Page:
In [20], Khanna et al. introduced wavelets associated with Riesz projectors which have applications in analysis of an asymmetric real signal. It is observed that it is necessary to execute a complex wavelet analysis in order to study even and odd parts of an asymmetric real signal by means of an even wavelet and its odd counterpart (or HT). But this task can also be done using a real wavelet based on the Hartley kernel and BT.

We observe that and . In view of this, the Hartley kernel can be expressed as . This drives us to define Hartley-Boas-Like wavelets as . The motivation behind this generalization is very clear and is to endow the characterization of those wavelets whose Fourier transform vanishes a.e. on . Further, the inadequacy of wavelets to analyze both the symmetries of an asymmetric real signal can be invigorated by employing such kind of real wavelet.

In the following result, we prove that is a wavelet under the given sufficient condition.

Proposition 1. Let be a wavelet such that and . Then, is again a wavelet.

Proof. Since , it follows that is a bounded function. So, there exists a positive real number such that , for all . This givesAlso, we haveIt is clear that has energy and it also satisfies the admissibility condition.

One of the significant role played by wavelets is the effective reconstruction of signals which requires the higher number of vanishing moments.

The th moment of a function is defined by . If for . Then, is said to have vanishing moments. For more details, see [20, 21]. The number of vanishing moments actually identifies what kind of signals the wavelet can analyze. A wavelet with number of vanishing moments cannot analyze polynomial functions of degree . With large number of vanishing moments, the wavelet becomes much smoother. This reduces the number of wavelet coefficients and therefore relatively smaller number of coefficients can store the whole signal information. This will eventually help in compression of the signal in addition to examine signals with singularities and discontinuities. Thus, it would be interesting to choose the number of vanishing moments which varies from application to application.

Daubechies [22] was the one who first formulated compactly supported orthonormal wavelets with a fixed degree of smoothness. It was found that for , the low-pass filter is given by with being -periodic function. This can be observed using the following given result.

Theorem 1. (see [6]). Let be a function such that , and that for . If is an orthonormal system in , where . Then, , for all .

Further, one cannot assume the existence of compactly supported orthonormal wavelet in . This can be seen in the next result which is a corollary of the previous result.

Theorem 2. Let be a compactly supported function. Then, cannot be an orthonormal system in .

One may recall that a function has fast decay with decay rate , if , for all , where is a constant. For more details, see [23]. Next, we give the definition of -wavelet of order .

Definition 1. Let be a wavelet such that . Then, is said to be a -wavelet of order if , for , where .

We note that the moment formula for the Hilbert transform of function is given by

The above given formula holds true if .

Next, we give the sufficient condition on -wavelet of order in order to obtain the higher vanishing moments of Hartley-Boas-Like wavelets.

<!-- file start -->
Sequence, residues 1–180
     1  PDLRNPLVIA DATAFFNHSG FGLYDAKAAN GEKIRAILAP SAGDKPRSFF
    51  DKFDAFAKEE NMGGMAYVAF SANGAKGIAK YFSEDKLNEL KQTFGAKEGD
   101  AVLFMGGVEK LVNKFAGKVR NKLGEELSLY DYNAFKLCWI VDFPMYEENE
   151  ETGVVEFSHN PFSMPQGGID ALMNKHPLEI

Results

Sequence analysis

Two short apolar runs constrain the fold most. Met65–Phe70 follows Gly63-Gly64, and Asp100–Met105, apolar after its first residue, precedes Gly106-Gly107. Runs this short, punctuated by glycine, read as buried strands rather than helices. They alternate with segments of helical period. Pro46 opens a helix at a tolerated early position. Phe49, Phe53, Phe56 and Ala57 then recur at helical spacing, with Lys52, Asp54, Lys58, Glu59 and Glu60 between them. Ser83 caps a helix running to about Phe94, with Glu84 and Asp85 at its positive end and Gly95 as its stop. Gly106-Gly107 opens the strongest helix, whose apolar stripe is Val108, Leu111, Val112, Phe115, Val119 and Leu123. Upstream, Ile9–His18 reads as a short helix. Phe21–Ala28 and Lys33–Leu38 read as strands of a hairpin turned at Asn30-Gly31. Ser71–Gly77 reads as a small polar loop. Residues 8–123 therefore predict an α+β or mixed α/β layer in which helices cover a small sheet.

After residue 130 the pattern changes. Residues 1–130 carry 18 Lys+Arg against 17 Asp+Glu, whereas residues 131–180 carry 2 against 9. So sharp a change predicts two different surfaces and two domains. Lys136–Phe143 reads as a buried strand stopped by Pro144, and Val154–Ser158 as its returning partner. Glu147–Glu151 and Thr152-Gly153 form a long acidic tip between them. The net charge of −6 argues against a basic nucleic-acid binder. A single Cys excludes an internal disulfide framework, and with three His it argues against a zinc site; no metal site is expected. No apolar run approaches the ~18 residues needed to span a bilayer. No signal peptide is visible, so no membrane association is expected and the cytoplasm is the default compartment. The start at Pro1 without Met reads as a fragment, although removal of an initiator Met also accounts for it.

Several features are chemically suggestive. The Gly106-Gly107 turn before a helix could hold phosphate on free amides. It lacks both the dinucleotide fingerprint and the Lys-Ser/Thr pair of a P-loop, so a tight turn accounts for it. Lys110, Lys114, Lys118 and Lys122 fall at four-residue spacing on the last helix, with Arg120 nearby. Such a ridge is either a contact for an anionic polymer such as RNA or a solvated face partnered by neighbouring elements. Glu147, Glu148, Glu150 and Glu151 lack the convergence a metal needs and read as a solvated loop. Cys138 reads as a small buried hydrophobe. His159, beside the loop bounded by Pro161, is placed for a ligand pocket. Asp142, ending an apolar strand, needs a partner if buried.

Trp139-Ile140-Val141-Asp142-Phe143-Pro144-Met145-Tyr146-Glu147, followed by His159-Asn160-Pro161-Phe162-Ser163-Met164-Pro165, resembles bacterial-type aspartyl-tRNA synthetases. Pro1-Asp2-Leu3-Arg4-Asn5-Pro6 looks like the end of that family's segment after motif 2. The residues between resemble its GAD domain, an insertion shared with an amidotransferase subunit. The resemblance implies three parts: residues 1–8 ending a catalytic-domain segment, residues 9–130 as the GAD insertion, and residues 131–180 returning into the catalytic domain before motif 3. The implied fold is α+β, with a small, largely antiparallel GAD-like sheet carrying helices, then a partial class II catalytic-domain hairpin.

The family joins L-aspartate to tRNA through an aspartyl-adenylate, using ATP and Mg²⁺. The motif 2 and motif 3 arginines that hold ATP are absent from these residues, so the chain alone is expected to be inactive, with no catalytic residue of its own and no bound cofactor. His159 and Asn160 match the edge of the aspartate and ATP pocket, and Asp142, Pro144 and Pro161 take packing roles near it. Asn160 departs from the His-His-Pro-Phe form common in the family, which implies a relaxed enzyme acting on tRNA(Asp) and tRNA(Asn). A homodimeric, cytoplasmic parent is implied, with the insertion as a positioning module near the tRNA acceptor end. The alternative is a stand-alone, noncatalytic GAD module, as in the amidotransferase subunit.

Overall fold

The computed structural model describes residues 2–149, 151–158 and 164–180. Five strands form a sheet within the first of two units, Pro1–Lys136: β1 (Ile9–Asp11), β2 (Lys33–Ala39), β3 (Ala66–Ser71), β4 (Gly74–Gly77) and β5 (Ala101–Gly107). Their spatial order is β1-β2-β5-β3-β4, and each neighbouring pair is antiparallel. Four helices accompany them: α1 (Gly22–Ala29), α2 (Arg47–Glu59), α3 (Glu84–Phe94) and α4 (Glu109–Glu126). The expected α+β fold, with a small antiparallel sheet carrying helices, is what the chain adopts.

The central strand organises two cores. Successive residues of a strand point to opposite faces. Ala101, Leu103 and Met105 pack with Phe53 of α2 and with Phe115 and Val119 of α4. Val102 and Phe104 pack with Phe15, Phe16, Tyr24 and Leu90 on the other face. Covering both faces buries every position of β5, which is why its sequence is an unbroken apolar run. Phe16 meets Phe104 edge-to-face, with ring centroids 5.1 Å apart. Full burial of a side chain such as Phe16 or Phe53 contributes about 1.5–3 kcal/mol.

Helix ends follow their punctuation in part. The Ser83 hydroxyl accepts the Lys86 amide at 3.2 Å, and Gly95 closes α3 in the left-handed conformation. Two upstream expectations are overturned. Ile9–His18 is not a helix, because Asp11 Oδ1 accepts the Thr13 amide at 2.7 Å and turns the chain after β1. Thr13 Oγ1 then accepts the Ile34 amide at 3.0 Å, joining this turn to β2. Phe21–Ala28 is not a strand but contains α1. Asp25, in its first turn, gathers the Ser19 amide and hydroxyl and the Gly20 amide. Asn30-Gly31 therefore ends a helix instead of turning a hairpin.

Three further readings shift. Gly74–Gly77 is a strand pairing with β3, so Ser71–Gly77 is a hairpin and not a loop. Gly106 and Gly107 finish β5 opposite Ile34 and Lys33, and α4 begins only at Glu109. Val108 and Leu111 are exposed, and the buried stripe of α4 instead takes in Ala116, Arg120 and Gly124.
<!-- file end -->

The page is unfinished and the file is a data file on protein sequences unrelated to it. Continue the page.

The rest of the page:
Theorem 3. Let be a -wavelet of order such that(i) has fast decay with decay exponent ,(ii), and .If forms an orthonormal system in , then , for all .

Proof. Note thatwhere denotes the Fourier transform. On account of , , , we haveFurther, given the fact that , and , it follows that for . By means of equations (13), equation (15) reduces toIn view of Theorem 1 and since , for , it follows that for .

In the following result, a sufficient condition is given aiming to obtain higher vanishing moments of wavelets.

Theorem 4. (see [21]). Let be such that for some , . If is an orthogonal system on , then

Next result is the generalization of the Theorem 4. Here, we formulate another sufficient condition on to procure higher vanishing moments for Hartley-Boas-Like wavelets.

Theorem 5. Let be a -wavelet of order such that and , for some . If is an orthogonal system on , then

Proof. We haveSince for , following the similar steps as done in the proof of Theorem 3, it follows that

In the following result, using the relationship between the two wavelets, the generalized moment formula for the Hartley-Boas-Like wavelets is given.

Theorem 6. Let be a wavelet such that and , for some . Further, let be a function with . If , then

Proof. We haveThis gives

3. Application

In this section, we give an application of Hartley-Boas-Like wavelets in the area of electrical engineering.

A continual filter is an operator which is defined by , where and is called as Riesz projector, where is the identity operator and is the Hilbert transform, respectively. It should be noted that acts as a convolution filter if for any , we have , with is known as weight function and is known as the transfer function. For more details, one may see [20].

In the following result, we give a sufficient condition under which behaves as a convolution filter with transfer function vanishing for the positive frequencies.

Theorem 7. Let be a wavelet such that . Then, forms a convolution filter with transfer function given byand the Fourier transform of the convolution filter vanishes for all positive frequencies.

Proof. We haveThus, is a convolution filter.
The transfer function is given byFurther, the Fourier transform of the convolution filter is given by

4. Conclusion

New generalized real wavelets based on the Hartley kernel and Boas transforms are introduced which gives an alternate way to study even and odd parts of an asymmetric real signal. The relationship between -wavelets and higher order vanishing moments of Hartley-Boas-Like wavelets is also studied. A sufficient condition on the wavelets is introduced in order to generate the generalized moment formula for the Hartley-Boas-Like wavelets. Towards the end, one possible application of these new wavelets in the form of convolution filter is given.

Data Availability

No data were used to support this study.

Conflicts of Interest

The authors declare that they have no conflicts of interest.

Authors’ Contributions

Each author equally contributed to this paper and read and approved the final manuscript.